New York Natural Heritage Program
Lance Aplexa
Aplexa elongata (Say, 1821)

Habitat [-]
This snail is a temporary woodland pond specialist (vernal pools) in areas with high calcium concentrations (i.e., over limestone bedrock). Nevertheless, it can sometimes turn up in other temporary wetland habitats that regularly dry up such as marshes, ditches, swales, intermittent streams, and less frequently in permanent water bodies (owing to their transport by water birds). In vernal pools these molluscs play an important role in energy flow because they serve as intermediate hosts for Trematodes (liver and blood flukes) that parasitize amphibians, and in turn they are parasitized by scyomyzid fly larvae. Likewise snails serve as food for a host of invertebrate predators, as well as amphibians and waterfowl, while facilitating nutrient cycling by consuming detritus (Colburn 2004).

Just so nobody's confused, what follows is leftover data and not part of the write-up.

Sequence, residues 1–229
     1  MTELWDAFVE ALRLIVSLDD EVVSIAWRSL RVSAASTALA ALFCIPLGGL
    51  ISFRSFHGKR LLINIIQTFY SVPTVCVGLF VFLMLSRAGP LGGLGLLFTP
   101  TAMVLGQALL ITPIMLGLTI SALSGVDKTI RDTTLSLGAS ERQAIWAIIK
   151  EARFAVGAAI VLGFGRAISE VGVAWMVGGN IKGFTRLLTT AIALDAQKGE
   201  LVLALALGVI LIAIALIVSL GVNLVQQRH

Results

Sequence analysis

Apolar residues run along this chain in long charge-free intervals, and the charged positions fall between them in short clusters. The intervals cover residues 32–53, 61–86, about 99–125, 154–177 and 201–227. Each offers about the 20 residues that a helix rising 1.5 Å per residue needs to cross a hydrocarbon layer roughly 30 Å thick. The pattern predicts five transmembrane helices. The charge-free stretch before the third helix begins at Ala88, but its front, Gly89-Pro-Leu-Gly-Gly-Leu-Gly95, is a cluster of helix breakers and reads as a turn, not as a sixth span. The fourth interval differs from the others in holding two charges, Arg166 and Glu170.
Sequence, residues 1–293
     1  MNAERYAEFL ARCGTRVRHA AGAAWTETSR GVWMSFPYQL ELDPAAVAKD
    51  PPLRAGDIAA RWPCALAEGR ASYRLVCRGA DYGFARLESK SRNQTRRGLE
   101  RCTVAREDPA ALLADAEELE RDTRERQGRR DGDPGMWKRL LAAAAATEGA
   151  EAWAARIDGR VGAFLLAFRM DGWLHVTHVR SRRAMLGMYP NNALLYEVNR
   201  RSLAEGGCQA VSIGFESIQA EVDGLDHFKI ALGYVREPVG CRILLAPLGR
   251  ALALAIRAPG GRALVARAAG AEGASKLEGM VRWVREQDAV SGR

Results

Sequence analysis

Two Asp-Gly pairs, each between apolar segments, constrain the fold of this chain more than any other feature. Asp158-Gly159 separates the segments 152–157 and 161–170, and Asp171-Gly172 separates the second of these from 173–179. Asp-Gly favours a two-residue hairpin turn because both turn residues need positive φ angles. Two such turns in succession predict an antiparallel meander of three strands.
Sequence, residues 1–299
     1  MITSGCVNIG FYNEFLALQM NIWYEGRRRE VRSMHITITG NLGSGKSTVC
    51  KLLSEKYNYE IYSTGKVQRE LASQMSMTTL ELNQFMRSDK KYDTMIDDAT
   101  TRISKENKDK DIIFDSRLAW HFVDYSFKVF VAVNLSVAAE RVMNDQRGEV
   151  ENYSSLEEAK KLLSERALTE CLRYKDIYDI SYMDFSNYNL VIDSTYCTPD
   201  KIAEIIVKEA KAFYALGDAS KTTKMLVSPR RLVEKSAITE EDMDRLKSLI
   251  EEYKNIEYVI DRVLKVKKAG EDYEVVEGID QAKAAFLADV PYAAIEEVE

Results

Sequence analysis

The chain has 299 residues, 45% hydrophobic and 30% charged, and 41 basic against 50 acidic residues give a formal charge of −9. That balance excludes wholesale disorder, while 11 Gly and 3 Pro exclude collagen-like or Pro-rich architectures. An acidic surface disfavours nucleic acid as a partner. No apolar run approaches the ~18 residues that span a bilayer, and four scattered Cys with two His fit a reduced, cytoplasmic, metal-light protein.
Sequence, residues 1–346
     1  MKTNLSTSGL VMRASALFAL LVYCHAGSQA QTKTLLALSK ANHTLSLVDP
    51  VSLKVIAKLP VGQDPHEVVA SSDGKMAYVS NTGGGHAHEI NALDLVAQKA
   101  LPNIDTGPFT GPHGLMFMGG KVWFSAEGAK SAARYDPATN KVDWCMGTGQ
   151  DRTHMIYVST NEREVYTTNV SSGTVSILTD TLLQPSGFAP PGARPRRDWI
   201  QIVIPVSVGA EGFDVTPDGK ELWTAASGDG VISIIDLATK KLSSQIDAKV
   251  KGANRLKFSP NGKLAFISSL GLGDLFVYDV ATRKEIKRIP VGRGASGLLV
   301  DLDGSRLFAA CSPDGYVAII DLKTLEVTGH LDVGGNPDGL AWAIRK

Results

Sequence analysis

Associated Ecological Communities [-]
  • Vernal pool
    An aquatic community of one or more intermittently ponded, small, shallow depressions typically within an upland forest. Vernal pools are typically flooded in spring or after a heavy rainfall, but are usually dry during summer. Substrate is typically dense leaf litter over hydric soils. Vernal pools typically occupy a confined basin (i.e., a standing waterbody without a flowing outlet), but may have an intermittent stream flowing out of it during high water. This community includes a diverse group of invertebrates and amphibians that depend upon temporary pools as breeding habitat. These include amphibians, reptiles, crustaceans, mollusks, annelids, and insects.

Associated Species [-]
  • Spotted Salamander (Ambystoma maculatum)
  • Springtime Fairy Shrimp (Eubranchipus vernalis)
  • Ash Gyro (Gyraulus parvus)
  • Tadpole Physa (Physella gyrina)
  • Thicklip Rams-Horn (Planorbula armigera)
  • Sharp Sprite (Promenetus exacuous)
  • Marsh Pondsnail (Stagnicola elodes)